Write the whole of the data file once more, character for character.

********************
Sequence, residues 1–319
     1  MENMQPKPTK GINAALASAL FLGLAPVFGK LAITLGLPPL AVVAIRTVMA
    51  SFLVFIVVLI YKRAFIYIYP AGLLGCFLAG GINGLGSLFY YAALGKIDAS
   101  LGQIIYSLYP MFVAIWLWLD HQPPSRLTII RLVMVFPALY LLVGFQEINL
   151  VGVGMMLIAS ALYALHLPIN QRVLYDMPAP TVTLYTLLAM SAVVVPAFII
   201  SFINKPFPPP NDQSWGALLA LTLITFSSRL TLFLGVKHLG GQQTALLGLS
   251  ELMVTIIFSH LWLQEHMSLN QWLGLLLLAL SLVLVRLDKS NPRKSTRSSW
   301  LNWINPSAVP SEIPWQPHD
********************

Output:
Sequence, residues 1–319
     1  MENMQPKPTK GINAALASAL FLGLAPVFGK LAITLGLPPL AVVAIRTVMA
    51  SFLVFIVVLI YKRAFIYIYP AGLLGCFLAG GINGLGSLFY YAALGKIDAS
   101  LGQIIYSLYP MFVAIWLWLD HQPPSRLTII RLVMVFPALY LLVGFQEINL
   151  VGVGMMLIAS ALYALHLPIN QRVLYDMPAP TVTLYTLLAM SAVVVPAFII
   201  SFINKPFPPP NDQSWGALLA LTLITFSSRL TLFLGVKHLG GQQTALLGLS
   251  ELMVTIIFSH LWLQEHMSLN QWLGLLLLAL SLVLVRLDKS NPRKSTRSSW
   301  LNWINPSAVP SEIPWQPHD